Sunday, April 19, 2009

Discourse and Terror

Paul Auster's Leviathan foregrounds the way a particular discourse is contingent upon a narrative construct. What a person sees in a situation depends upon the stories that she puts faith in, a perspective built upon communication. The viewpoints of the characters in the novel are each dependent upon who they trust and what story they believe. For example, the narrator, Peter Aaron, comes to understand the differing points of view of a relationship when his friend, Ben Sachs, describes his marital situation differently than his wife Fanny. Ben lies to her to keep her happy, fabricating stories of infidelity to maintain his wife's interest in him. "Words have power, after all." And Ben describes the way the stories "were all very real to her."

When Ben Sachs becomes a terrorist, bombing replicas of the Statue of Liberty, it is to confront the prevailing discourse of freedom in the U.S. "He simply wanted America to look into itself and mend its ways. In that sense, there was something almost Biblical about his exhortations, and after a while he began to sound less like a political revolutionary than some anguished, soft-spoken prophet." Ben aspires to reopen the discussion of what freedom means and not allow a statue to be a misguided icon that people hide behind. This use of bombs to send a message might be "[u]nlike the typical terrorist pronouncement," but it brings to the forefront the idea of terrorism as discourse, violence that attempts to hijack the discourse and put forth its own message. However, the text's critical awareness is always focused on particular perspectives. Terror, thus, amounts to one perceptive, and even though it dominates the headlines due to fear and horror, it must be dealt with through discursive means.

The question then becomes, what is literature's role in this mess? Can writers, in the novel's case both Ben Sachs and Peter Aaron, effectively shape discourse so that terrorism will not? Paul Auster does not answer these questions because Ben becomes the terrorist as a result of his inability to influence political dialogue, and Peter writes to challenge the inevitable opinions that will be formed when the government learns that Ben Sachs is the bomber called the "Phantom of Liberty."

3 comments:

Natasha Albert said...

It is no surprise that writers are loosing their influence in the contemporary era. In the world of You Tube and Hulu there are endless streams of images that attempt to compete for our attention in a world where not a lot of things seem to be that original, for we are a culture that has seen it all. Literature’s role is to create a unique and compelling narrative that adds yet one more perspective to a world that is full of them. In an attempt to bring understanding to the efforts behind terrorist actions literature should try to create a narrative for the terrorist. DeLillo attempts to create this narrative in Mao II and Auster’s responds in Leviathan, stating that the writer has lost its influence and DeLillo’s effort is in vain. Even someone like Sachs who has suffered on behalf of the American ‘leviathan’, just as the terrorists feel they have, cannot depict a narrative that insights political change in the way terrorism can through the vehicle of the spectacle. Sachs himself becomes a spectacle and we do not know if Peters efforts to vindicate Sachs’ actions prevailed. The role of literature in Leviathan is merely a commentary of the spectacle that dominates the consciousness of society. Peter comments on Sachs’ actions and in no way attempts to further his message. Peter struggles throughout the novel to convey his own idea of Sachs and his message, highlighting the inadequacy of language in the novel. Auster sees a bleak future for the author, where words can longer compete in a world that is dominated by the spectacle.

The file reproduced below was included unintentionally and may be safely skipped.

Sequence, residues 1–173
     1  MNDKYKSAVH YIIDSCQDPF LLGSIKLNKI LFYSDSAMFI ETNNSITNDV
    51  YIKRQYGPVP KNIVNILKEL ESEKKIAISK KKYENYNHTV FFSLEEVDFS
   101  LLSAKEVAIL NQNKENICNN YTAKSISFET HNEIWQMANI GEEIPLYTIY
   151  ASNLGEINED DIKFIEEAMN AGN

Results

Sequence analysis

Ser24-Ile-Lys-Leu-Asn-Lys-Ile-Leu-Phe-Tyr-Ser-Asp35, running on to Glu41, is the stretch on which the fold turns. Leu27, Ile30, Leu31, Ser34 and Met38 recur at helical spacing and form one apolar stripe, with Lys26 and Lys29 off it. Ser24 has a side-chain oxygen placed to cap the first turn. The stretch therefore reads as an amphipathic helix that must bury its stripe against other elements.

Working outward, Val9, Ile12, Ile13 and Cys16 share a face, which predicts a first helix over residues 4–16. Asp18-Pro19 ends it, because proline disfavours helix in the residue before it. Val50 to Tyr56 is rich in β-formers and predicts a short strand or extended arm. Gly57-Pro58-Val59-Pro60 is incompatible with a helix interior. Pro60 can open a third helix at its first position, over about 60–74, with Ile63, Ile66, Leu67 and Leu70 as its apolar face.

U. S. Wanker said...

I simply can't take as bleak a view of Auster's Leviathan as Natasha, probably because I take a more interior, mythological view of literature -- maybe my fundamentalist upbringing, abandon the bible for Dostoyevsky and his progeny.

I agree with the original post that the reliability of communications plays an important thematic role in the plot and with most good post-modern literature, the layers of potential meaning are onioned nicely. Paul Auster to Peter Aaron to Ben Sachs. Fact to Fiction to Fact and back again.

Sure there is a surface terrorism element, but it really isn't about politics or terrorism, but the internal struggle that all humans and writers in particular undergo to reach some sort of liberty from their words.

Sachs surrenders his liberty to find it, from being locked up at 18 to going on the run in a cross country spree of blowing up Statue of Liberty replicas. I reach just the opposite conclusion of Natasha -- the language of the novel is not dead as long as authors like Auster compel us to examine our world.

On a side note, I think the masses have always been distracted by spectacle -- even prior to You Tube and Hulu. Authors like any other etertainer have to appeal to the groundling aspects and those that last seem to combine the high brow with the low.

U. S. Wanker said...

entertainer --- Jeez.